This will be a phenomenon to watch and despise...concerted and organized efforts to malign candidates through innuendo and ad hominem irrelevancies.


It would be a miraculous thing to see a campaign that didn't delve into personal areas. I'm sure the Bush twins, and Noelle Bush didn't see how their gaffes and troubles were relevant.

It's so rampant that most of it doesn't stick. Remember when the Clinton team was on 'bimbo alert' a la Genifer Flowers? I didn't think he'd ever weather that one.

It's almost the hefty price they pay for running. It is overdone, however. (But, sometimes, entertaining.)
0 Replies
 
blatham
 
  1  
Reply Sat 4 Jan, 2003 09:20 pm
Lash

I appreciate the nature of your point...that both sides do it, and nothing I've read reveals the extent of that story more thoroughly than Joan Didion's 'Political Fictions' (which, if I was god, I'd have put in every christmas stocking).

But I think that Jefferson would have spoken out against this sort of low deceit, thus perhaps we all ought to demand more of these folks.
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littlek
 
  1  
Reply Sat 4 Jan, 2003 09:23 pm
Al sharpton has announced his run. I have to say I'm more than a bit nervous about a reverend running for the presidency.
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mamajuana
 
  1  
Reply Sat 4 Jan, 2003 11:16 pm
litlek - I don't know whether to laugh or cry. I mean, this has been the man's hope, ambition, and dream for years. And I honestly think it's a joke. He's been mixed up in so much.

And I'm beginning to cool on Edwards. Don't know why, something about him. Nothing to do with him being a lawyer. My father was one. Maybe a little arrogance there? Man didn't even vote til fairly recently.
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maxsdadeo
 
  1  
Reply Sat 4 Jan, 2003 11:51 pm
I have always wondered why Representatives even bother running, when was the last time someone went to the oval office from the House?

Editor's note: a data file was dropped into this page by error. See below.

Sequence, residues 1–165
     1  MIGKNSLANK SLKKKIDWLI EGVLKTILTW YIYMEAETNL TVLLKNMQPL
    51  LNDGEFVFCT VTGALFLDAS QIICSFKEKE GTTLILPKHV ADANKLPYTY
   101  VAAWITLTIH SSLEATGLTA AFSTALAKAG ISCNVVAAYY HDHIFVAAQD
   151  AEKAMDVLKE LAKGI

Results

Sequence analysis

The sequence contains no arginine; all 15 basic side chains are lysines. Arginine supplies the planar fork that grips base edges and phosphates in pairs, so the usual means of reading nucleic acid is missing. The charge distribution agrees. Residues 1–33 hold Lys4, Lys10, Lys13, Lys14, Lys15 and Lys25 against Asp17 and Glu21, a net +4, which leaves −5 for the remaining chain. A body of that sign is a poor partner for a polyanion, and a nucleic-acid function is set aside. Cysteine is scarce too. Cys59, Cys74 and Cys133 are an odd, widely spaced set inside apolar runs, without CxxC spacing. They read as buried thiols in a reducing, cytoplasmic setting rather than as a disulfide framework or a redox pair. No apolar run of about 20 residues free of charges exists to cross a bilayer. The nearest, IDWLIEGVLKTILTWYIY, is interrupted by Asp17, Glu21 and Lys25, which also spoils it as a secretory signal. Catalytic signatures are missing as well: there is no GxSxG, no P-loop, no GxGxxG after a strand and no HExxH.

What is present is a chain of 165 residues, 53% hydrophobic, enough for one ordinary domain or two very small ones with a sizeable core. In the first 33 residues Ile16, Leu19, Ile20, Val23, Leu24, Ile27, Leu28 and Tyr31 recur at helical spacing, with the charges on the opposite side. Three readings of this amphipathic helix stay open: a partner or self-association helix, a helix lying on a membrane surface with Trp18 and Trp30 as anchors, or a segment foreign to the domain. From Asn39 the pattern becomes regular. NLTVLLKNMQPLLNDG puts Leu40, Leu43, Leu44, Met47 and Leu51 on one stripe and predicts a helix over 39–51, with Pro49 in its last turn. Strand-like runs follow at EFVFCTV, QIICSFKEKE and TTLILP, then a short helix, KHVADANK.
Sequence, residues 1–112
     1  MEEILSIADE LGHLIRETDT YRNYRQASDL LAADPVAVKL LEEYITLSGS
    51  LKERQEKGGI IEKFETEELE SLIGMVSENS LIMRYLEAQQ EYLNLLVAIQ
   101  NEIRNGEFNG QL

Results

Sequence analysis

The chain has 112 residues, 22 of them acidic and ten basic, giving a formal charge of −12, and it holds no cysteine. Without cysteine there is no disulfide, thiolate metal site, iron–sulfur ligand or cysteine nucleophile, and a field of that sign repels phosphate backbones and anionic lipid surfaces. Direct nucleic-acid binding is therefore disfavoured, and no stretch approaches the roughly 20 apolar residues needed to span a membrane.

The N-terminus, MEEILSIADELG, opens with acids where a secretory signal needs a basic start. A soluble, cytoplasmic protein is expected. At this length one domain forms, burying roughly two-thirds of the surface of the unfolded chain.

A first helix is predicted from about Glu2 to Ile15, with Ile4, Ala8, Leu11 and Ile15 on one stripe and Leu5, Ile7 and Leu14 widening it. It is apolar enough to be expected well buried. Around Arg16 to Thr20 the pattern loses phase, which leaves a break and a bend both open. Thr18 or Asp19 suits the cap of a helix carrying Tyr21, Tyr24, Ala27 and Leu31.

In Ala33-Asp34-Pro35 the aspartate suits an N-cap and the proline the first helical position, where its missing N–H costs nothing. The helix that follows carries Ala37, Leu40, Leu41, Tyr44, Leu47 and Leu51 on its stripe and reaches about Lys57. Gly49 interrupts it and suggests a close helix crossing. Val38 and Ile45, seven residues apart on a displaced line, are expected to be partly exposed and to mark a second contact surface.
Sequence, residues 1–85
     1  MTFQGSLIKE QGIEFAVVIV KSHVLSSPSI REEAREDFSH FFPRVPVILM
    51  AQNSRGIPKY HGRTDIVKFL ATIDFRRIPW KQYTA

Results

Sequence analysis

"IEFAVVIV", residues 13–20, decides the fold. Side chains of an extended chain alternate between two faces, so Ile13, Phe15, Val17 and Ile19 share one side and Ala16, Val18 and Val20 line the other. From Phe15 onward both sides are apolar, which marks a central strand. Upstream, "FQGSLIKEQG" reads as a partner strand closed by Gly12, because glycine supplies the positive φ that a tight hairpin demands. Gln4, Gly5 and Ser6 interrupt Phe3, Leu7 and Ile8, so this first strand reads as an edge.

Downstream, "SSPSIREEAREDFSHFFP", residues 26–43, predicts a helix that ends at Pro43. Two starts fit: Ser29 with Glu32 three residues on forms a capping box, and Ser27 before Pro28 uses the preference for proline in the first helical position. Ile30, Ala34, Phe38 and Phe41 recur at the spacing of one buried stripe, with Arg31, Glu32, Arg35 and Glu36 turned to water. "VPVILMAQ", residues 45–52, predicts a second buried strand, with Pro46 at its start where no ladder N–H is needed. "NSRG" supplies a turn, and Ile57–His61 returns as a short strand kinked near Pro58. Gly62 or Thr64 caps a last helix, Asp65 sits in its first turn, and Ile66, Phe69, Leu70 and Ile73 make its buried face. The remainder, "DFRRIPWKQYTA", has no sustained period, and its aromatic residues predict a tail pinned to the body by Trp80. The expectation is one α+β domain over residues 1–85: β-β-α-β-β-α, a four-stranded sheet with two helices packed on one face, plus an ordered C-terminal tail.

Even JFK was elected a Senator, (though if memory serves, did not serve his full term) before the trip to the other side of Penn. Ave.

This leads me to believe that Gephardt (not a dumb guy) is probably interested in rounding out the ticket rather than leading it.
0 Replies
 
Lash Goth
 
  1  
Reply Sat 4 Jan, 2003 11:55 pm
Gephardt--
Nothing overtly negative springs to mind.
Nothing positive, either.

I think he may be akin to Gore personality-wise. I don't think a lackluster personality should be a hindrance, but in reality, it is.

He's sort of a non-starter.

Maybe, he can show some verve in the debates.
0 Replies
 
jjorge
 
  1  
Reply Sun 5 Jan, 2003 12:03 am
maxsdadeo wrote:
I have always wondered why Representatives even bother running, when was the last time someone went to the oval office from the House?

Even JFK was elected a Senator, (though if memory serves, did not serve his full term) before the trip to the other side of Penn. Ave.

This leads me to believe that Gephardt (not a dumb guy) is probably interested in rounding out the ticket rather than leading it.



FYI
JFK (having served six years in the House) defeated Henry Cabot Lodge the incumbent U.S. senator in 1952. His win was all the more impressive because Lodge was a popular incumbent and 1952 was the year of Dwight Eisenhower's election.

JFK was re-elected to the Senate by a wide margin in 1958 and had completed two years of his second term when he was elected President.
0 Replies
 
maxsdadeo
 
  1  
Reply Sun 5 Jan, 2003 12:20 am
Thanks, jj, I sit corrected.

You also prove my point that the probability of making a jump from the house to POTUS is unprecedented, at least in the last 100 years.
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timberlandko
 
  1  
Reply Sun 5 Jan, 2003 01:01 am
So far I don't see a Bush-Beater in the lot. Before the Dems can field a credible candidate, they should develop a coherent proactive platform. As to Sharpton, I doubt he will stay the course. Dean may be the most promising, but he has as yet little recognition. Kerry, Gephardt, and Edwards offer considerable fodder for Republican cannons. I anticipate at the moment that Dean will fade, as will Edwards, perhaps setting up a slugging match between Gephardt and Kerry. Still, before they pick a pilot, the Dem's should concentrate on getting a plane.



timber